On August 28th, General Atomics Aeronautical Systems, Inc. (GA-ASI) demonstrated its Multi-Mission Control (MMC) and Metis capabilities during a live flight using company-owned MQ-9 Block 1 and MQ-9 Block 5 Remotely Piloted Aircraft (RPA).
MMC enables a single pilot to control multiple MQ-9s for transit operations and routine Intelligence, Surveillance and Reconnaissance (ISR) missions using a streamlined graphical user interface and lightweight hand controller. Metis seamlessly integrates joint force ISR tasking requirements with the MMC to dynamically task MQ-9 assets, as well as report task status and share ISR information using a social media-like interface.
“These capabilities have the potential to dramatically increase the effectiveness and efficiency of the U.S. Air Force’s MQ-9 enterprise by relieving aircrew manning requirements during certain flight profiles,” said David R. Alexander, president, GA-ASI. “MMC and Metis, when combined with SATCOM Launch and Recovery and our Advanced Cockpit, will reduce aircrew manning by 50 percent.”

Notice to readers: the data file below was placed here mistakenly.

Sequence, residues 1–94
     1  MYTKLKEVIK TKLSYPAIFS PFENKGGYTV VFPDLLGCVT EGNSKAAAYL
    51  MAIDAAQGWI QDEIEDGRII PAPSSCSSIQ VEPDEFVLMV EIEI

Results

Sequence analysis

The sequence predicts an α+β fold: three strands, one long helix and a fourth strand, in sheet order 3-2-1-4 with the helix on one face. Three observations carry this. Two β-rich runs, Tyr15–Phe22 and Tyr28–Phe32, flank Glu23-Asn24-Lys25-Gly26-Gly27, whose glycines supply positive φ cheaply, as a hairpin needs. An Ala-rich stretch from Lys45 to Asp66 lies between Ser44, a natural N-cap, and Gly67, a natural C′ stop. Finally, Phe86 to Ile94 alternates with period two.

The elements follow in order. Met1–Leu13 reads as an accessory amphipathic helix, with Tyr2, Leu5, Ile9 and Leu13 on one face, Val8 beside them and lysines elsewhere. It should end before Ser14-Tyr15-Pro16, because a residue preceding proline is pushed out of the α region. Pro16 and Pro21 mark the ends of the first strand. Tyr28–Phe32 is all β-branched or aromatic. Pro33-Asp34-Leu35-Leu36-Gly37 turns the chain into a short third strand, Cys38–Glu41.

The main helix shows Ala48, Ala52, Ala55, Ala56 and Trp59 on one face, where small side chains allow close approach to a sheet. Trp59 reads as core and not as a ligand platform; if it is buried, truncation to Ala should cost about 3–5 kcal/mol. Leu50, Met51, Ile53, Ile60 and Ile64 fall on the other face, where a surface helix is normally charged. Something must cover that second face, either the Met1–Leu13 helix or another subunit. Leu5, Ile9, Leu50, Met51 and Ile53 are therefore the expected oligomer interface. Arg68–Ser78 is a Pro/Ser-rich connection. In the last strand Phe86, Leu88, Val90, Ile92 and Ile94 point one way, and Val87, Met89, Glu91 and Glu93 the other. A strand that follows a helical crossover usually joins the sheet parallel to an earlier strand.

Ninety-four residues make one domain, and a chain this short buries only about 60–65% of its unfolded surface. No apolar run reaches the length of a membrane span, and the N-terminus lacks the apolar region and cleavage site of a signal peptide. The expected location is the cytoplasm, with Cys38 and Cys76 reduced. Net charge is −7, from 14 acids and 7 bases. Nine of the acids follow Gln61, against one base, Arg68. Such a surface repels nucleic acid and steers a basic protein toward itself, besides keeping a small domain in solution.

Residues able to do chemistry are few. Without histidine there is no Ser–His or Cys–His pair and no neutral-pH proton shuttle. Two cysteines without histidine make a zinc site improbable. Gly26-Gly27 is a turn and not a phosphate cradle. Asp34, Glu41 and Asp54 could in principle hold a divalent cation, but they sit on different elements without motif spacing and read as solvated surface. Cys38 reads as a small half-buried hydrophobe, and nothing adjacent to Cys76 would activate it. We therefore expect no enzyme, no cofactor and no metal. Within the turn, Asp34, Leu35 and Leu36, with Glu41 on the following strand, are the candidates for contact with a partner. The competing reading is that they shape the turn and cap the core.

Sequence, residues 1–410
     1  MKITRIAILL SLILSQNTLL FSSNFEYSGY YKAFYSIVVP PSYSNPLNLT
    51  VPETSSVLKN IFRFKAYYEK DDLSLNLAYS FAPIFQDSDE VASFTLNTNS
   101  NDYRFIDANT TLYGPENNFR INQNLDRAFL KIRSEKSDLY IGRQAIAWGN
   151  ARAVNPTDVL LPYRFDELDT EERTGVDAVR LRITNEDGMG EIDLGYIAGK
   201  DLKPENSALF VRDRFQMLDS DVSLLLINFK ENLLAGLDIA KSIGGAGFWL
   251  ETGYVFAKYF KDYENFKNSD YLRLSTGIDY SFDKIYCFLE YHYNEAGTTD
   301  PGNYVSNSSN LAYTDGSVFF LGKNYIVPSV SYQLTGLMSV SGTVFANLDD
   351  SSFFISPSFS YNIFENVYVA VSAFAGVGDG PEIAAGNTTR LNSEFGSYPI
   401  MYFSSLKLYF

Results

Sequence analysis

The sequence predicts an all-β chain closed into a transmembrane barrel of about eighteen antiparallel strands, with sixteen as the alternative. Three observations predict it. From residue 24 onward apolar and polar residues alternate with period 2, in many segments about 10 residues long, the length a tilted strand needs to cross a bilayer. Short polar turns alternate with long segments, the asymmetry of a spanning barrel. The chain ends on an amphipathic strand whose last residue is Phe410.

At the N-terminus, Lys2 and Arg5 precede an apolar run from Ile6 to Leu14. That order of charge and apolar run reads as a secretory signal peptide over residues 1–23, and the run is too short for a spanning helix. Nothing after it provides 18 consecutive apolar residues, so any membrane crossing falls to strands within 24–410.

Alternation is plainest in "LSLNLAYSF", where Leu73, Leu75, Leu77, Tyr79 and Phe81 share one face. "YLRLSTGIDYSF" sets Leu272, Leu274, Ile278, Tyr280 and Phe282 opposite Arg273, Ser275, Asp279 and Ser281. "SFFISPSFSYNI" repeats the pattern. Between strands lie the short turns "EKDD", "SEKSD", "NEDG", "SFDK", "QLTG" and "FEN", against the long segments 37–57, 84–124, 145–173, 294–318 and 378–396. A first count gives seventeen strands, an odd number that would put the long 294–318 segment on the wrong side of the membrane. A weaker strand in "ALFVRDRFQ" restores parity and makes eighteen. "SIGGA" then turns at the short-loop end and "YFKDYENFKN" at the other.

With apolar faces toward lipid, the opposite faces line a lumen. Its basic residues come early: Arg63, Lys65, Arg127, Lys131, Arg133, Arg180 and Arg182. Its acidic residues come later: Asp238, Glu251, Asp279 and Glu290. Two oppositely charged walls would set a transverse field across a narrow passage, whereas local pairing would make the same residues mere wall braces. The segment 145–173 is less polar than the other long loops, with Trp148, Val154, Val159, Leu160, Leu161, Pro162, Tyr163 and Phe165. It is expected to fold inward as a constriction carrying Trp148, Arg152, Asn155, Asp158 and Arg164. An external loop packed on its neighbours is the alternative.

As with GA-ASI’s Advanced Cockpit, these capabilities employ an open architecture designed that integrates Artificial Intelligence-based functions such as automatic ISR data processing and natural language processing for automated communications. This open approach enables rapid integration that can be applied to other capabilities like those using the Open Mission System (OMS) standard, and other aircraft like the MQ-1C Gray Eagle.
MMC is an important evolution in the way operators control RPA. Using a single pilot to operate multiple aircraft enables more efficient use of manpower when conducting current MQ-9 operations by increasing loiter time for highly tasked MQ-9 crew force or expanding missions provided in support of the Combatant Commander.
Metis enhances communications between supported units, aircrew, and intelligence cells, making the ISR lifecycle faster and more efficient.
The MMC and METIS flights demonstrated a Technology Readiness Level (TRL) 7 capability. In a case when one MMC aircraft is dynamically tasked to perform a strike mission or a more dynamic ISR mission, the system allows seamless handoff of the aircraft to a dedicated Ground Control Station where the mission execution crew can prosecute the new tasking. Both MMC and METIS can be used across military forces and for non-defense applications.
The demonstration flights were performed with the cooperation of the FAA, and under the Certificate of Waiver or Authorization granted to GA-ASI’s Flight Test & Training Center (FTTC) in Grand Forks, North Dakota.